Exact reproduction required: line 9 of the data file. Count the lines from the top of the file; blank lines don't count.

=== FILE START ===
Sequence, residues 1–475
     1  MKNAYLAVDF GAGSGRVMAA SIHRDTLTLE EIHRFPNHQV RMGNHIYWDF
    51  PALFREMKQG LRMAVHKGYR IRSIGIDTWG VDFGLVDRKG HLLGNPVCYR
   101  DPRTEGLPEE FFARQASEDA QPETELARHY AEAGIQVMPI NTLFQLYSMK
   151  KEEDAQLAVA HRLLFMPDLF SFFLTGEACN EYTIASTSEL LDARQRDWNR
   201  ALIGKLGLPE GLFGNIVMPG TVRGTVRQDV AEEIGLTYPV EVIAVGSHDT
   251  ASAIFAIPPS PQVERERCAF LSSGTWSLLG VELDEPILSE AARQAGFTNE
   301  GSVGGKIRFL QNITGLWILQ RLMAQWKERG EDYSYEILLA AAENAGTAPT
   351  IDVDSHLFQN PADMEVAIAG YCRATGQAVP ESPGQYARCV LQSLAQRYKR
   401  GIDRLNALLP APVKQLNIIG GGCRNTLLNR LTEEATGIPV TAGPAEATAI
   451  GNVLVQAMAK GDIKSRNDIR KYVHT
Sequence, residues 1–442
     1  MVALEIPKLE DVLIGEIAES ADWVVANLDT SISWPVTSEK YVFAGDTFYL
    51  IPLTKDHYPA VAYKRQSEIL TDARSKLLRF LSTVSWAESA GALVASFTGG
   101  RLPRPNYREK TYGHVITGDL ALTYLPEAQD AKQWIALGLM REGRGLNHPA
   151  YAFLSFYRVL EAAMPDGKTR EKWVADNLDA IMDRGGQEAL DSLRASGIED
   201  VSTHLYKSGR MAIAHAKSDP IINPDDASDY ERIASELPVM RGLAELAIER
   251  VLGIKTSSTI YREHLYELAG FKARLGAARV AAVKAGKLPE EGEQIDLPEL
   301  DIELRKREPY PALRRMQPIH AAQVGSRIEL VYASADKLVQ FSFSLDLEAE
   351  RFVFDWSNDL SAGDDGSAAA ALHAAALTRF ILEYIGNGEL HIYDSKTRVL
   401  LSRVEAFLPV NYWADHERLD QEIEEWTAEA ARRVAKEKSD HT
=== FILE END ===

   351  IDVDSHLFQN PADMEVAIAG YCRATGQAVP ESPGQYARCV LQSLAQRYKR